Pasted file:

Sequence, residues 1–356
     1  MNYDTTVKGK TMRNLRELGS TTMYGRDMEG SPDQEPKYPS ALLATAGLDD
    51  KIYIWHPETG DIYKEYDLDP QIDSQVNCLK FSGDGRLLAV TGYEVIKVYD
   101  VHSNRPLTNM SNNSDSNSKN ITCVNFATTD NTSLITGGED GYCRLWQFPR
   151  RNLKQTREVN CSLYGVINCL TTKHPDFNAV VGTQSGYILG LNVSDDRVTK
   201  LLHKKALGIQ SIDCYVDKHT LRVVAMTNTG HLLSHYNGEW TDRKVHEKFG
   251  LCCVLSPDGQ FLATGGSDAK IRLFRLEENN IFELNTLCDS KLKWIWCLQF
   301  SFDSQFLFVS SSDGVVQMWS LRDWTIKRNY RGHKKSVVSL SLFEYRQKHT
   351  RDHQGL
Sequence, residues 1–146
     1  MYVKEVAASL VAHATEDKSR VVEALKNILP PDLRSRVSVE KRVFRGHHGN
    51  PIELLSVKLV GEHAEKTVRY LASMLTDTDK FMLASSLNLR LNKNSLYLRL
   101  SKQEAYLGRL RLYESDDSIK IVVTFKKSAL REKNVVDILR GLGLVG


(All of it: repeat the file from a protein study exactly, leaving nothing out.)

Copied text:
Sequence, residues 1–356
     1  MNYDTTVKGK TMRNLRELGS TTMYGRDMEG SPDQEPKYPS ALLATAGLDD
    51  KIYIWHPETG DIYKEYDLDP QIDSQVNCLK FSGDGRLLAV TGYEVIKVYD
   101  VHSNRPLTNM SNNSDSNSKN ITCVNFATTD NTSLITGGED GYCRLWQFPR
   151  RNLKQTREVN CSLYGVINCL TTKHPDFNAV VGTQSGYILG LNVSDDRVTK
   201  LLHKKALGIQ SIDCYVDKHT LRVVAMTNTG HLLSHYNGEW TDRKVHEKFG
   251  LCCVLSPDGQ FLATGGSDAK IRLFRLEENN IFELNTLCDS KLKWIWCLQF
   301  SFDSQFLFVS SSDGVVQMWS LRDWTIKRNY RGHKKSVVSL SLFEYRQKHT
   351  RDHQGL
Sequence, residues 1–146
     1  MYVKEVAASL VAHATEDKSR VVEALKNILP PDLRSRVSVE KRVFRGHHGN
    51  PIELLSVKLV GEHAEKTVRY LASMLTDTDK FMLASSLNLR LNKNSLYLRL
   101  SKQEAYLGRL RLYESDDSIK IVVTFKKSAL REKNVVDILR GLGLVG